Here are some useful tips on things you can do, to help be a thoughtful neighbour.
Everyday household living generates noise, whether that’s the washing machine, doors closing or the TV. But disputes can happen when people don’t consider others in how much noise they create. It’s important to acknowledge the noise your household creates and think about the impact it might have on your neighbours. With this in mind, here are some top tips on how you can reduce noise.
Consider the lifestyle of your neighbours. For example, are they retired or do they have young children? With this in mind, be mindful of the effects that noise from your home may have on them, as well as the types of normal living noise you may hear from their property (for example, from children playing).
If you’re approached/contacted by a neighbour and asked to keep your noise down, try to react positively. Respect their right to enjoy their home without hearing all that’s going on in yours. (At the moment, also remember to keep 2 metres away from your neighbours.
Stereos, TVs, radios and music
These are the most frequent causes for complaint. What’s considered entertainment for one person can be torture for someone else. Avoid playing music so loudly that your neighbours can hear it, and keep the bass level down.
Try to position any speakers away from adjoining walls, floors and ceilings. Standing them on an insulating material can also reduce the transmission of sound. Loud music in the garden is more likely to cause a problem to your neighbours – try and keep it at or below conversation level, or wear headphones.
It’s a common misunderstanding that anyone is allowed to play their music as much and as loudly as they like up to 11pm. But this is completely wrong. Noise nuisance can be caused at any time of day or night.
Some of us play musical instruments – the key with this is to keep practices short and at reasonable times. If you can, do it in a room that’s furthest away from your neighbour. If you’re a neighbour who can hear someone practicing, be prepared to be patient. Being able to hear noise from elsewhere doesn’t make it unreasonable.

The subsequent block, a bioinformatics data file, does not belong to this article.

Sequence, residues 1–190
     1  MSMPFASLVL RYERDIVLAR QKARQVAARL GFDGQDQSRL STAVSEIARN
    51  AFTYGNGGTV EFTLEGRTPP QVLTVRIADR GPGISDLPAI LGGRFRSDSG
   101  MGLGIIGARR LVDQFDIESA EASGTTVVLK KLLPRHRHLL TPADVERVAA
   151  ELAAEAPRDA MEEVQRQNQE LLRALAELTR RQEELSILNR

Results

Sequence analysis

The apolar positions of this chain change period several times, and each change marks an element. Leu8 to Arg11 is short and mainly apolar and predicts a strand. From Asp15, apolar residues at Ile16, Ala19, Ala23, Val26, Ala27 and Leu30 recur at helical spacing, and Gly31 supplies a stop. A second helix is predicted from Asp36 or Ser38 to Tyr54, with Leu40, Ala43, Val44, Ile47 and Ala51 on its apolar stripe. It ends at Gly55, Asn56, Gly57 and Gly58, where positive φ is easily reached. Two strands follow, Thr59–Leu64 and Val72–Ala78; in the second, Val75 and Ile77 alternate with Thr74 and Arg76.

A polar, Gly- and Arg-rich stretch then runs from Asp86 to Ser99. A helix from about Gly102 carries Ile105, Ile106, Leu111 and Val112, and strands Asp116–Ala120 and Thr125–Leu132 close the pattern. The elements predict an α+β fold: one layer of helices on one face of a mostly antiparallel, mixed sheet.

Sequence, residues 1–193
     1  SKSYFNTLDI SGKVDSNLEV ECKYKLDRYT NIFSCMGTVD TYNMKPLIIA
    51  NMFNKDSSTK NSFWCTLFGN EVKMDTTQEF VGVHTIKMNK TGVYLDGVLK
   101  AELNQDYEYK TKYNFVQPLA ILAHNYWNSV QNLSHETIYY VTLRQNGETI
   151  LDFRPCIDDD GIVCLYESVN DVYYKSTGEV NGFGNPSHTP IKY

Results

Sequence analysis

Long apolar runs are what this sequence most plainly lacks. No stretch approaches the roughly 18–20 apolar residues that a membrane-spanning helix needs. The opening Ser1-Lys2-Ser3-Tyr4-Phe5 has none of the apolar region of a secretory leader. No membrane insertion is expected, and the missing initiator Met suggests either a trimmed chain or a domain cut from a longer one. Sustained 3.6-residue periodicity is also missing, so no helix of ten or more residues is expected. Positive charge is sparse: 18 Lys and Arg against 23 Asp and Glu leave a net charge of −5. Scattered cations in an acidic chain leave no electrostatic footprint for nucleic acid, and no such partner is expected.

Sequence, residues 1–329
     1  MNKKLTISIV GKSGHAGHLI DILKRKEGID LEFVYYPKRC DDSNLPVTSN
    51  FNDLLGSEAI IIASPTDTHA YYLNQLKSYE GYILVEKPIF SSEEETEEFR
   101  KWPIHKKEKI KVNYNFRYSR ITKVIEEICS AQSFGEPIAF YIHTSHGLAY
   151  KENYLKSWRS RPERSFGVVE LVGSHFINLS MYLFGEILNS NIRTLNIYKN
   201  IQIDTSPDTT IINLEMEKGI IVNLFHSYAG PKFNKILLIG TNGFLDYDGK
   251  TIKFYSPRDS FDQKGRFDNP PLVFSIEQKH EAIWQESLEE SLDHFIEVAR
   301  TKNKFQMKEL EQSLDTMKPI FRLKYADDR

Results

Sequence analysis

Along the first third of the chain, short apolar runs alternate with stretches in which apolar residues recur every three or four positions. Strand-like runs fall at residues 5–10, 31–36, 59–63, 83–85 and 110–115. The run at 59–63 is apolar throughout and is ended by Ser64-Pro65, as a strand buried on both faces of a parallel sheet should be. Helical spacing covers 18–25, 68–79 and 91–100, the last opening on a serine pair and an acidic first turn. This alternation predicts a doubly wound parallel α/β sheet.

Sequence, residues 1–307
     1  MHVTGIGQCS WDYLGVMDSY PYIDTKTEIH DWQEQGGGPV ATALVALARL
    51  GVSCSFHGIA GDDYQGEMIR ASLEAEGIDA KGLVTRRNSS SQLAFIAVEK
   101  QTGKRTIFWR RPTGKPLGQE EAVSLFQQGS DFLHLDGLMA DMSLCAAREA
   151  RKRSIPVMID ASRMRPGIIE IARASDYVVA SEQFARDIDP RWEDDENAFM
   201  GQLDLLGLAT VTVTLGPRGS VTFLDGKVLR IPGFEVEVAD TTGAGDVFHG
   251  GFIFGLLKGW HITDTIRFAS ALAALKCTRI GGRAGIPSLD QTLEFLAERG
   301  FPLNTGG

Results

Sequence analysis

The current government restrictions on socialising mean that you shouldn’t be socialising with anyone who you don’t live with, including in any outdoor areas.
Any complaint about noise from a party or social gathering will be investigated, as this may not only amount to a noise disturbance but also be a breach of the coronavirus social distancing requirements. This isn’t in any way acceptable behaviour, or behaviour that’s likely to be tolerated. Please stay at home and save lives.
Given the circumstances, you may be tempted to have ‘online’ parties in your home. If you do, please keep the volume down (particularly the bass) or use headphones. Avoid any loud, late night parties. Homes aren’t the place to replicate a pub or night club environment. If someone complains, be prepared to accept you’re probably disturbing quite a few others too – they’re just the ones confident enough to speak to you. Turn the music down or use headphones.
Banging doors and stamping feet
Sound can travel quite easily through walls and floors, so be aware of what’s next door. Avoid slamming doors and running up or down stairs, especially if you live in a flat or terraced house. Try and shut doors gently and use the handle – don’t push it closed.
If you have laminate or wood flooring, consider using (non-slip) rugs in areas with high footfall or where children play.
Complaints about dog barking often happen because dogs are left at home alone for long periods of time. But there are practical steps dog owners can take to minimise dog barking and prevent noise nuisance. Here’s a link to Basingstoke & Deane Borough Council’s information on this
This is particularly relevant if you live in a flat or terraced house. Try to avoid using domestic appliances (such as washing machines, dishwashers and vacuum cleaners) late at night as they can be very loud. Although they’re part and parcel of everyday life, where you position them and when you use them can make all the difference.
Make sure, where you can, that you place noisy appliances away from party walls. Washing machines should be balanced to reduce vibration. Placing them on a surface that helps absorb sound and vibration could help reduce noise further.
Be considerate and only use noisy appliances during normal waking hours.
We all need to carry out DIY from time to time to maintain and improve our homes. You may be taking the opportunity now to finish or start new projects because of the current restrictions on movement. But please be thoughtful and reasonable as this could have more of an impact on your neighbours than you think during this difficult time.
If you can do so while maintaining social distancing (a minimum of 2 metres), try to talk to your neighbours about the work you want to do and any parts of it that might be noisy. Most people will be understanding and accommodating, but you should be prepared to compromise if there are times that your neighbour asks you to avoid noise for a genuine reason.
In any situation, unless it’s an emergency, don’t do this sort of work in the evening or early in the morning, particularly at the weekend.
Most importantly, please keep in mind that most people are currently confined to their homes. They can’t escape you, and you can’t escape them.
This information about social distancing may also be useful
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